Shia LaBeouf has already quite effectively shrugged off his adolescent persona as a Disney kid (admittedly, though, he was always a bit of a weird one, he certainly wasn’t going to ever star in his own version of High School Musical) with a series of big blockbusters and big public bust-ups, but the actor still seems to be searching for an appropriate niche to serve his undeniable (though sometimes overshadowed) talents. Fortunately for everyone involved, LaBeouf hits his stride in Robert Redford’s The Company You Keep, a smart and serious slice of hard-boiled drama that’s long been absent from the local multiplex. LaBeouf stars as Ben Shepard, a go-getter cub reporter in upstate New York who stumbles upon the biggest story of his young career, one that unexpectedly pops up practically in his own backyard.
When Sharon Solarz (Susan Sarandon) is captured by the FBI at a random gas station in New York state for a crime committed decades before, it kicks off a renewed interest in her case. A former member of the Weather Underground, Sharon and three other pals knocked over a bank back in their heyday, killing an innocent guard in the process. One of her cohorts was captured long ago, but two remain on the run, even decades later. If Sharon could hide out and live a seemingly normal life (nice husband, nice kids, nice house), who’s to say what happened to Nick Sloan and Mimi Lurie?
Working off a scant lead, just a name really, Ben begins unraveling the twisted tale of the robbery gone bad, the people who committed it, and the system that set them up for such a nightmare. At the center of it is local lawyer Jim Grant (Redford), a recent widower just trying to get his kid to school on time. Jim didn’t help Sharon before her arrest, but why would a small town lawyer like Jim Grant even get mentioned in the same breath as a criminal like Sharon Solarz? Well. You know. Probably. Jim’s real role in the film (and the crime) is obvious enough, but Redford’s film does include some unexpected turns and some big revelations, more than enough to recommend The Company You Keep to cinephiles looking for a chewy drama.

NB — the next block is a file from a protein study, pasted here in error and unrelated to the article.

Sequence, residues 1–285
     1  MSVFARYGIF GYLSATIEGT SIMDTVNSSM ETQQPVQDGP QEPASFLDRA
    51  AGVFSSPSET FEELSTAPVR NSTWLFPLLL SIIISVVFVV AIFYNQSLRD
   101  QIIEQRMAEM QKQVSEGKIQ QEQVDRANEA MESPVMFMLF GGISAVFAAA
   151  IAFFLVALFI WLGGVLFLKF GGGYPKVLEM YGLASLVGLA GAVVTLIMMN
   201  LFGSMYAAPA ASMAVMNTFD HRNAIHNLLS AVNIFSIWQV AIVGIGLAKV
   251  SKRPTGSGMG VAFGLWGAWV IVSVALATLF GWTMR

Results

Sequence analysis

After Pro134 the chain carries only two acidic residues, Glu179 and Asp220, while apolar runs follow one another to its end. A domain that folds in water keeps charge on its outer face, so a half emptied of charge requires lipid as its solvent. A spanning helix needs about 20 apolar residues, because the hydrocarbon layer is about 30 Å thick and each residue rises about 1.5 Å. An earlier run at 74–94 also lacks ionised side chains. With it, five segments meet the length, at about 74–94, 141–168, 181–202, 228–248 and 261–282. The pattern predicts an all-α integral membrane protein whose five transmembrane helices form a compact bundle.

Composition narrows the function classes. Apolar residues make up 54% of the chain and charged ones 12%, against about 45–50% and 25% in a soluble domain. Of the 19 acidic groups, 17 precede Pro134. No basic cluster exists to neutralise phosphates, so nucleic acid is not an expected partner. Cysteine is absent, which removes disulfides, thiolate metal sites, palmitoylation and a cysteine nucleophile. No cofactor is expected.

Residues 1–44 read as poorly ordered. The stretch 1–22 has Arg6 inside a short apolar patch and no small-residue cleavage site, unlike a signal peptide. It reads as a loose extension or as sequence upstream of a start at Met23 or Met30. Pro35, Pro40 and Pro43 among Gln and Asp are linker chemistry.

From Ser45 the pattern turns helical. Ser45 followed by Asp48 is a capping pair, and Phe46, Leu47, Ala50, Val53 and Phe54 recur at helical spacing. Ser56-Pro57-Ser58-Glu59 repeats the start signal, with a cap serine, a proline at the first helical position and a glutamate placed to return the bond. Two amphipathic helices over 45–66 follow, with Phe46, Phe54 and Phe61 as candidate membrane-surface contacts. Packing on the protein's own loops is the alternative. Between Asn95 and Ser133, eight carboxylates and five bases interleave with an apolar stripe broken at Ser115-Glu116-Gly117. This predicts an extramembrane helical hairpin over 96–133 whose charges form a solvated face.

It’s no surprise that Redford managed to corral a stunning array of talents for the film – The Company You Keep is the type of production that’s populated almost exclusively with big stars and “hey, look, it’s that guy!” talents. Sarandon may start the film, and she may get one hell of a big scene, but the rest of the film is so packed with stars that it’s no wonder we see little of her after her and LaBeouf’s sole tête-à-tête. The rest of the film’s cast includes Julie Christie, Nick Nolte, Chris Cooper, Stanley Tucci, Richard Jenkins, Terrence Howard, Anna Kendrick, Brendan Gleeson, Brit Marling, Sam Elliot, Stephen Root, and more (seriously, somehow, still more). While most of the film’s stars are afforded precious little screen time, they all add to its punch and provide welcome relief when Redford gets bogged down with his own production. LaBeouf, of course, is doing the only kind of work he really should these days – head down, smart, quick.
The Company You Keep takes too long to really get to the meat of its story and settle into itself, however, with a meandering first act that wanders and wonders in equal measure. Redford surely means to convey mystery and intrigue with the slow burn, but his ploy wears thin and the audience is left wanting things to really kick up a notch long before they do. But Redford does ultimately push things into territory that closely resembles a thriller, far more than just a standard issue drama.
The last hour of The Company You Keep is tense and taunt, even as Redford attempts to pull us into an apparent “twist” that most audience members will see coming from a mile away. That twist isn’t the point of the film, not really, so it’s heartening when Redford partially abandons it to focus more on the full scope of morality and justice at the heart of the film. Better still is the film’s ending – a stickler that’s far more than the sum of its parts, a meditative experience that will likely leave audiences with very mixed feelings, in the best possible way.
The Upside: Stellar performances by a solid cast, the type of old school dramatic thriller we rarely get to see.
The Downside: An obvious twist dilutes the film’s inherent action, the first half frequently drags, could stand to be more tightly wound.
On the Side: The film is based on Neil Gordon’s novel of the same name – loosely based, in fact, as the source material is formatted as a series of emails from different people, all addressed to Nick’s youngest daughter Isabel, who is a minor character in the final film.